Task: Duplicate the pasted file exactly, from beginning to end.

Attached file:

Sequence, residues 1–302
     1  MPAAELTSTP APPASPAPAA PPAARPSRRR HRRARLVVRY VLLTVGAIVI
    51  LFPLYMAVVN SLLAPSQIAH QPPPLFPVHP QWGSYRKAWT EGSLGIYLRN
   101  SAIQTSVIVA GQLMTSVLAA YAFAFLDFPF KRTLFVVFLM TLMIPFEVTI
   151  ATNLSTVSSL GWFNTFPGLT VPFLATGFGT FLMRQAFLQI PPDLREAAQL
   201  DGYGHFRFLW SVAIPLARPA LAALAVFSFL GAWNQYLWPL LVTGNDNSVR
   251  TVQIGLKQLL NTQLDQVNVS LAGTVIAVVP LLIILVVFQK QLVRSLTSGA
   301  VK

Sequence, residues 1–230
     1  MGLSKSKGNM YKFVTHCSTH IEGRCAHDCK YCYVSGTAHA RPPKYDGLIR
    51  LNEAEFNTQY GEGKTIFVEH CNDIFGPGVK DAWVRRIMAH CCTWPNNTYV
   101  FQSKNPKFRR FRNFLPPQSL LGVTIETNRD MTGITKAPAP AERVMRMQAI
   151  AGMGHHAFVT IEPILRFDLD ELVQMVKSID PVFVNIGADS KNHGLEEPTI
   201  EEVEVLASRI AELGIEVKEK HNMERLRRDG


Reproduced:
Sequence, residues 1–302
     1  MPAAELTSTP APPASPAPAA PPAARPSRRR HRRARLVVRY VLLTVGAIVI
    51  LFPLYMAVVN SLLAPSQIAH QPPPLFPVHP QWGSYRKAWT EGSLGIYLRN
   101  SAIQTSVIVA GQLMTSVLAA YAFAFLDFPF KRTLFVVFLM TLMIPFEVTI
   151  ATNLSTVSSL GWFNTFPGLT VPFLATGFGT FLMRQAFLQI PPDLREAAQL
   201  DGYGHFRFLW SVAIPLARPA LAALAVFSFL GAWNQYLWPL LVTGNDNSVR
   251  TVQIGLKQLL NTQLDQVNVS LAGTVIAVVP LLIILVVFQK QLVRSLTSGA
   301  VK

Sequence, residues 1–230
     1  MGLSKSKGNM YKFVTHCSTH IEGRCAHDCK YCYVSGTAHA RPPKYDGLIR
    51  LNEAEFNTQY GEGKTIFVEH CNDIFGPGVK DAWVRRIMAH CCTWPNNTYV
   101  FQSKNPKFRR FRNFLPPQSL LGVTIETNRD MTGITKAPAP AERVMRMQAI
   151  AGMGHHAFVT IEPILRFDLD ELVQMVKSID PVFVNIGADS KNHGLEEPTI
   201  EEVEVLASRI AELGIEVKEK HNMERLRRDG